Misinterpretations /or The Dark Grey Outline

I move through a slanting,
footpaths erupting roots through bricks
near the mad old bus stop.
I used to know what I was thinking,
now it’s a field, inside,
is it green, or grey water, horsing,
heavens bent
through the fleck.
Sometimes I wonder if I’m drinking the wrong water,
the other day I read
I had a sort of degree, but I ain’t, no way Hose-Bloody-Zay.
Please, I-am-not-a-doctor,
I’m too unfashionable for that.

Even in Sydney when days get cuter
than cop cars, as the city train smells of its electricity
and cut-up vinyl,
makes you want to chisel rocks with letters,
makes you think, placing As while breathing
Hawkesbury sandstone,
oh gritty gritty something,
don’t let go.

But from Greenhill Road I can see a Dark Grey Outline,
gums on the Toorak Gardens horizon
after rain pins on Portrush,
juggle juggle,
that’s the bus tyres.
Tickets are eaten,
baskets savaged, cars dinking in line.
It seems average but sounds pushy
out the window,
my eyes scram down choosing the wet leaf
blown onto a white roundabout.
Something I learned when I was young,
shape is serious matter.
I am not what I’m supposed to be.
Light is spring silver
and escapes my language,
in the next lane
‘fragile goods’.

Outside a North Terrace carpark
is the The Ha-Ha Arrow,
pointing white blue charge grips,
tinker tinker bus blows money,
odd jangles of student housing,
arrivals not quite fusion (Go Backwards).

The second lift won’t stop
at the fifth floor,
‘it’s worth reporting’. What, corridors?
In here, it’s ice white as carpet,
closing time.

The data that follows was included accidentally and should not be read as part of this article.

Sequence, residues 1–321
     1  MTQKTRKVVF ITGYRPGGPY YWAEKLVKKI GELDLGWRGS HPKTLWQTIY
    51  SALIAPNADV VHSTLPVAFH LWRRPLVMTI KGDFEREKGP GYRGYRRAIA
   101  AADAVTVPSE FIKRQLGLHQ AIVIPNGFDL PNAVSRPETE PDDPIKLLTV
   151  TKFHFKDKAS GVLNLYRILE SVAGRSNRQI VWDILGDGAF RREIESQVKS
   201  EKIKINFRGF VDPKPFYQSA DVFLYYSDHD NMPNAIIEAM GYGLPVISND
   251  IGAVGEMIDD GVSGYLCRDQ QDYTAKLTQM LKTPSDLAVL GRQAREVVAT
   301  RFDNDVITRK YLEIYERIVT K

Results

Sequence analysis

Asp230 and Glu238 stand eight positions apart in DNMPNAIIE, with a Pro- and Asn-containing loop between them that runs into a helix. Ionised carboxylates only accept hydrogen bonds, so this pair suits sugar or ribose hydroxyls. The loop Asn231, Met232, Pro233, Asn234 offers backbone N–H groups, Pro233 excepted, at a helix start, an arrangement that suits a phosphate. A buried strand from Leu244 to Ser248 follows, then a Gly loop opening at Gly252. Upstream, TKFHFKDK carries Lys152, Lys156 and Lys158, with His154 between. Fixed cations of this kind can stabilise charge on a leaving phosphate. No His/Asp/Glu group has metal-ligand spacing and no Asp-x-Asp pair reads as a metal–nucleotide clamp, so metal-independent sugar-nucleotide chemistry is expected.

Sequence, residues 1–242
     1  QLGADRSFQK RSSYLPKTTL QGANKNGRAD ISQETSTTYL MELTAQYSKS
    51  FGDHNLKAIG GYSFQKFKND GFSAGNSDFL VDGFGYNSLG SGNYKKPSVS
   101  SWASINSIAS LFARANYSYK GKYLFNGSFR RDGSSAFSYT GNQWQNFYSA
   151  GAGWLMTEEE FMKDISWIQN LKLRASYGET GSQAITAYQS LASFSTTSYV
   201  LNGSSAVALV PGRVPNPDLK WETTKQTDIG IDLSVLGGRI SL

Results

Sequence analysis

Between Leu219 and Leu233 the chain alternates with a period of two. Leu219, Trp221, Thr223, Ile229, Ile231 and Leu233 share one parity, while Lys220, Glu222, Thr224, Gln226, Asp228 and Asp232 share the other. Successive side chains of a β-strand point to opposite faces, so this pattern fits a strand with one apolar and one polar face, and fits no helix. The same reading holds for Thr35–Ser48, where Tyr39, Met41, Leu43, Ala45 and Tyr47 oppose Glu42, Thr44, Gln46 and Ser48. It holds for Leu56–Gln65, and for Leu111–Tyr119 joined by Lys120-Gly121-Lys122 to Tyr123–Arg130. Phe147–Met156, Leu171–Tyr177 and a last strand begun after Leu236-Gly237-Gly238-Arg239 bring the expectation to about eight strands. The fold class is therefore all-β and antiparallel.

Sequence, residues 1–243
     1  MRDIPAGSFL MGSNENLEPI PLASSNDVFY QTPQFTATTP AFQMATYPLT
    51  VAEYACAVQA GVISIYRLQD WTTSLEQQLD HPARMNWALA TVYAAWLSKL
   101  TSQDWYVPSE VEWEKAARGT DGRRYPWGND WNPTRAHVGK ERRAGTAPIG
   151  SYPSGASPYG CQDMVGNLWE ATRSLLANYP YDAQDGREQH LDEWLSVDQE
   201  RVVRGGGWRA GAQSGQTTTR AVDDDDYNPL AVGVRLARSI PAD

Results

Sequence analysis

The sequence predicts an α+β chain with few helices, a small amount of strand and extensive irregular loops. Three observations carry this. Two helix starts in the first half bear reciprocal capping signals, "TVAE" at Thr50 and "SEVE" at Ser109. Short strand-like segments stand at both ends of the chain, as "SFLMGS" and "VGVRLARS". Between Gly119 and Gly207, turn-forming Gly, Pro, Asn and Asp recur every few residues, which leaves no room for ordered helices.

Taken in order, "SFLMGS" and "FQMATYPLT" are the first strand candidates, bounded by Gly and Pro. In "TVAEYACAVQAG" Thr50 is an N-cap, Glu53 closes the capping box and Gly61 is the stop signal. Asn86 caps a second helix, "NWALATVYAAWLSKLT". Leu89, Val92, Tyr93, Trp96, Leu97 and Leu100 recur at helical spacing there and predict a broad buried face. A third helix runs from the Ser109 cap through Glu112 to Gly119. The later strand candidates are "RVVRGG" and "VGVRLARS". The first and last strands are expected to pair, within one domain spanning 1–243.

If you don’t approve,
or burn, ‘therefore’.
Perhaps I am Missing Pages Out Of My Life.
I’ve always been flaky, lost and shaky,
but never ‘ponderous’ over my territory,
that takes planning.
It’s always been weather not
geosophy (that’s so fashionable! yeah?).
I’m delicate, sandy,
unknown, please, or ‘to not know’,
falling without finding.

But what am I thinking, of giving up the desk,
going off-road, gravelling, dirt thrash?
Why not, given the green’s mixed up,
weather rattled, promises running off
leaves as prediction pouring through vents.

The creeks are high,
snake tongues, feathers,
water calls, absolutely
and briefly,
tomorrow forks
but for now
full cold moon
and wrestling night.

I have dreamed green tiles,
walls, gaps, dirty grassy
penalty signs,
curves, yes, finally,
pink ankle
and all this air, all this.

If I’m not what I’m supposed to be
then why all this certainty,
how do I escape its cackling old Sprache?

Night in Frome Road
is there at its hour,
cold erupting through asphalt,
sight and feeling mashed with
my flaking alphabets.

Jill Jones’ most recent book is Dark Bright Doors (Wakefield Press). She also co-edited with Michael Farrell Out of the Box: Contemporary Australian Gay and Lesbian Poets. Her work features in The Penguin Anthology of Australian Poetry and Macquarie Pen Anthology of Australian Literature.
© Jill Jones
Overland 204−spring 2011, pp. 116−118

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Jill Jones

Jill Jones lives and works on unceded Kaurna land. Her latest book is Wild Curious Air, winner of the 2021 Wesley Michel Wright Prize. In 2015 she won the Victorian Premier’s Prize for Poetry for The Beautiful Anxiety. Her work is widely published in Australia, Canada, Ireland, NZ, Singapore, Sweden, UK, and USA and has been translated into a number of languages. She has worked as an academic, arts administrator, journalist, and book editor.

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